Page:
Jun 15, 1976

Effect of temperature on tryptophan fluorescence of beta-lactoglobulin B

Biochimica Et Biophysica Acta
O E Mills


The effect of heat on the conformation of bovine beta-lactoglobulin has been studied using intrinsic fluorescence spectroscopy. Changes in the intensity, wave-length of maximum emission and emission peak width at half height of tryptophan fluorescence over the range 15-90 degrees C at pH 6.4-6.5 has allowed the environments of the two tryptophans in the molecule to be discriminated. At 20 degrees C both tryptophans are in hydrophobic environments. As the temperature is raised the conformation changes such that at about 50 degrees C one of the tryptophans is transferred to a more polar environment accessible to solvent. Conformational changes appear to be reversible if the protein is cooled to 20 degrees C after heat treatments up to 70 degrees C. Above 70 degrees C the second tryptophan residue becomes exposed to solvent. Complete exposure of one residue occurs at 80 degrees C while the other is still partially buried even at 90 degrees C. When the protein is then cooled to 20 degrees C the conformational changes appear to be irreversible with only one tryptophan residue returning to the hydrophobic interior of the molecule.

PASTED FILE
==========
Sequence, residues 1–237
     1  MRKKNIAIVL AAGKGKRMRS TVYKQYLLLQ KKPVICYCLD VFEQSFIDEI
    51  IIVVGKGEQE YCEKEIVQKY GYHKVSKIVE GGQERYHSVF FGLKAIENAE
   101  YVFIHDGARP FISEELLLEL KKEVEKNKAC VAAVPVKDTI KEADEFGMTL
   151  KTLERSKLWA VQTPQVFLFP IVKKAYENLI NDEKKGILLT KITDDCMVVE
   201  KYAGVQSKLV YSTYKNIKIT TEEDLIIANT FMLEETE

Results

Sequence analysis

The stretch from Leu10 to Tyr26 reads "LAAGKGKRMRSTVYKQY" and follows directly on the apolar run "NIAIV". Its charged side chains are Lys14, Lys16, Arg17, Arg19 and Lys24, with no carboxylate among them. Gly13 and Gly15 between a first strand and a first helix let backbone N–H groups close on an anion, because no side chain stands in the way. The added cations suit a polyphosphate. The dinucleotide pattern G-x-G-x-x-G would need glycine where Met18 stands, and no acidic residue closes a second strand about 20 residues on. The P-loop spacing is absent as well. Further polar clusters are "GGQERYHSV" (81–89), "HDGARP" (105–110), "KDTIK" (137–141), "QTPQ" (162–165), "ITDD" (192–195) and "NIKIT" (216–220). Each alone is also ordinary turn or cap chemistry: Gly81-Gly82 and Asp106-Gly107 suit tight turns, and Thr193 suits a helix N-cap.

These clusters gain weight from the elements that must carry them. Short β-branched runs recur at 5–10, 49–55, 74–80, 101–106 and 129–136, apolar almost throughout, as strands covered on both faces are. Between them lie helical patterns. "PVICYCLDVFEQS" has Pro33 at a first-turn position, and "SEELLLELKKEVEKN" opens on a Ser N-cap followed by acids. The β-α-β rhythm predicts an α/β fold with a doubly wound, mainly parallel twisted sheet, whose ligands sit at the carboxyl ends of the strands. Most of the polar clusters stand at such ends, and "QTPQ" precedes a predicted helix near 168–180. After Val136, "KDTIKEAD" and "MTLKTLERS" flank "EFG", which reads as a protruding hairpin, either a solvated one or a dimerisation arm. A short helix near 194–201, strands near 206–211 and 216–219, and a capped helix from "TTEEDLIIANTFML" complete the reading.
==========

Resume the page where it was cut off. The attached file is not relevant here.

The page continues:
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Mentioned in this Paper

Fluorescence Spectroscopy
Protein Conformation
Bos indicus
Protein Denaturation
Hydrogen-Ion Concentration

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